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Nortel, Brocade Team for Optical SANs

Companies, organizations and governments will be able to internetwork their storage-area networks (SANs) across metropolitan and wide area networks (MANs and WANs) as the result of a new deal signed between Brocade Communications Systems Inc. of San Jose, Calif. and Canada's Nortel Networks .

Brocade, which develops intelligent platform for networking storage, and networking giant Nortel today announced several joint initiatives in the optical SAN market. The two said they would expand their already-existing relationship accelerate deployment of optical SAN solutions to their mutual customers around the world. Both companies also said they would make available three jointly developed and pre-tested applications that will let enterprises internetwork their SANs via optical technology.

The two companies said they have finished "extensive interoperability testing" between Nortel's OPTera Metro 5100 and 5200 Multiservice Platforms, which are metro dense-wave division multiplexing (DWDM) products, and Brocade's intelligent fabric switches, including Brocade's recently announced 2 gigabits per second (Gbps) SilkWorm 3200, 3800 and 12000. Nortel's OPTera Metro 5100 and 5200 platforms are the first DWDM products to be "Fabric Aware" tested and qualified with the complete Brocade SilkWorm family of SAN infrastructure, officials said.

Brocade and Nortel have also developed and pre-tested three new configurations for remote mirroring, remote consolidated backup, and remote centralized storage. As a result of the testing and validation, the two companies have introduced joint SOLUTIONware application notes that provide detailed instructions on how to configure and deploy Nortel Networks optical infrastructure in a Brocade SAN environment.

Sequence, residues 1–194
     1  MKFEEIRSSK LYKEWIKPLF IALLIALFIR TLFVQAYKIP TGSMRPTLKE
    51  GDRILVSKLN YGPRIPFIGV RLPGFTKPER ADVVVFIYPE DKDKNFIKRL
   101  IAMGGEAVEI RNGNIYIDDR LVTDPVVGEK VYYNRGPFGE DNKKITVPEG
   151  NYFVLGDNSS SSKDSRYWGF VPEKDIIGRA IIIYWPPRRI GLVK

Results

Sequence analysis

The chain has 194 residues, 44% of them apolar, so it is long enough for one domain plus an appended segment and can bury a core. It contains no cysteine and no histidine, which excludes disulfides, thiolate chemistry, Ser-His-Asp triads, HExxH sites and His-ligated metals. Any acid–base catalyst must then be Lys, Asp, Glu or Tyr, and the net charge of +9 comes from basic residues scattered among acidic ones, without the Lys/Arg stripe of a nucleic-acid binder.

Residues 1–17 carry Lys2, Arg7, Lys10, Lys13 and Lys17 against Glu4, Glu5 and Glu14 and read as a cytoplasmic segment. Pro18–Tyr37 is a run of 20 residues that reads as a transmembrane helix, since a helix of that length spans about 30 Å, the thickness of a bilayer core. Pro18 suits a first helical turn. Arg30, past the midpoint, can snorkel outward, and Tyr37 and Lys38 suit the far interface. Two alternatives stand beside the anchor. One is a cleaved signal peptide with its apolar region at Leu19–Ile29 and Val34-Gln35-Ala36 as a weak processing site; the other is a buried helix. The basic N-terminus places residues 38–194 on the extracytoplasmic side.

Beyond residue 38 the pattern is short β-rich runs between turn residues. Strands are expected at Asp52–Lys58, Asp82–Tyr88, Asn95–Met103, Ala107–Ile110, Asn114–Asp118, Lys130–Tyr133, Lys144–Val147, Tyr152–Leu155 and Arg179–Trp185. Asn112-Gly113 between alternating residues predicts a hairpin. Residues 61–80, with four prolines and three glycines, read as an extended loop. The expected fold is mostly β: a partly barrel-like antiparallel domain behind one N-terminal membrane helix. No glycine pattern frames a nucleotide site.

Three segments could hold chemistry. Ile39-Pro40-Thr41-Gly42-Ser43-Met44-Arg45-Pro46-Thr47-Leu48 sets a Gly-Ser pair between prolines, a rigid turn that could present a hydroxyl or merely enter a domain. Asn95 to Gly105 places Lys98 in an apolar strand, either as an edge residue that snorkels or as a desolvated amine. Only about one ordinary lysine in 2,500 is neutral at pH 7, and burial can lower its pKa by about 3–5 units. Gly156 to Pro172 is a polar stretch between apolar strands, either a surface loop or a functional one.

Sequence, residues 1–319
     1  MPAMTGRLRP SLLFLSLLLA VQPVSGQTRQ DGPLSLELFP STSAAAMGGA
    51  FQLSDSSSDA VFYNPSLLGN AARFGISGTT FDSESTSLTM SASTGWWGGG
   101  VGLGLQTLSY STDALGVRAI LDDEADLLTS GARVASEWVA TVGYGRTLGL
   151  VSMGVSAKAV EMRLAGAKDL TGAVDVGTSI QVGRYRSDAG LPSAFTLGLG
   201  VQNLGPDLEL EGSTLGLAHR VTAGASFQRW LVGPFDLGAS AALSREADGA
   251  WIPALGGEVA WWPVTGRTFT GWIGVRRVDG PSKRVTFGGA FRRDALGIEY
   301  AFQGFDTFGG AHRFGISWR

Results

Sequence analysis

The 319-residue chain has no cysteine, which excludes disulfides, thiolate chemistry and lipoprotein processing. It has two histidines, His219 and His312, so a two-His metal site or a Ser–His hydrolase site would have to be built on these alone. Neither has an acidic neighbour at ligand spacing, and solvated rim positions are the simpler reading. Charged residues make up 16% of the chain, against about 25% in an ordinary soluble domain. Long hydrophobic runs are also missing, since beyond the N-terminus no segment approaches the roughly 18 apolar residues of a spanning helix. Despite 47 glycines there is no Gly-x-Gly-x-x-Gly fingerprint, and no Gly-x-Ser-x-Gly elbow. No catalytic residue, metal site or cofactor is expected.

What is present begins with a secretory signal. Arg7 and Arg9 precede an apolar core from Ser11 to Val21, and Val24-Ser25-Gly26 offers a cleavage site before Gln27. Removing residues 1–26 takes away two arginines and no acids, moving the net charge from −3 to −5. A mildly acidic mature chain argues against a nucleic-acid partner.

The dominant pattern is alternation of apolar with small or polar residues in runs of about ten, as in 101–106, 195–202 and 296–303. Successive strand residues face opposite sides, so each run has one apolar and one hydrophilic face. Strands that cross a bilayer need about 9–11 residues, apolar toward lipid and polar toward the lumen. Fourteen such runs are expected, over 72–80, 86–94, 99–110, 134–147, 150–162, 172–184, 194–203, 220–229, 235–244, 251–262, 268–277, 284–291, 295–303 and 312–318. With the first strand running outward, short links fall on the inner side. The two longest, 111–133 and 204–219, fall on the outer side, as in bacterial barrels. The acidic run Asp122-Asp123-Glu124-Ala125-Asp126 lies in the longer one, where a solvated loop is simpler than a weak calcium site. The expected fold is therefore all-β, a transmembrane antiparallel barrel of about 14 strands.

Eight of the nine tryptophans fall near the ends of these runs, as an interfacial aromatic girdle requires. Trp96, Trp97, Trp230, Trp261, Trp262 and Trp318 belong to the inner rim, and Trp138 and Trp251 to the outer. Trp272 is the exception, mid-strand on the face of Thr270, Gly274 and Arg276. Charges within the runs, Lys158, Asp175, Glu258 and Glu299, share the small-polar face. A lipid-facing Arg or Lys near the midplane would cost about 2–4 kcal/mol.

Because Brocade fabrics can be internetworked over distances using optical infrastructure from Nortel, enterprises can implement business-continuance services like data mirroring, data replication, electronic tape vaulting, and remote server clustering to protect critical business information.

"The combination of the Brocade intelligent platform for storage networking with Nortel Networks OPTera Metro 5100 and 5200 Multiservice Platforms creates a reliable, scalable infrastructure that optimizes SAN manageability and performance across the metro area," said Jeffrey Brooks, Brocade chief marketing officer.

Today's news is welcome for Nortel. On Monday, the company's stock hit its lowest point since 1993 after it said it would file its intent to sell up to $2.5 billion of debt and equity in the U.S. and Canada. Investors hit the "sell" button because they thought the sale would dilute their equity value in the networker.

In early morning trading today, Nortel shares were up three cents or 1.15% at $2.65 each. Brocade, on the other hand, was up $1.22 or 5.6% at $23 per share.

Bob Woods is managing editor of InstantMessagingPlanet.com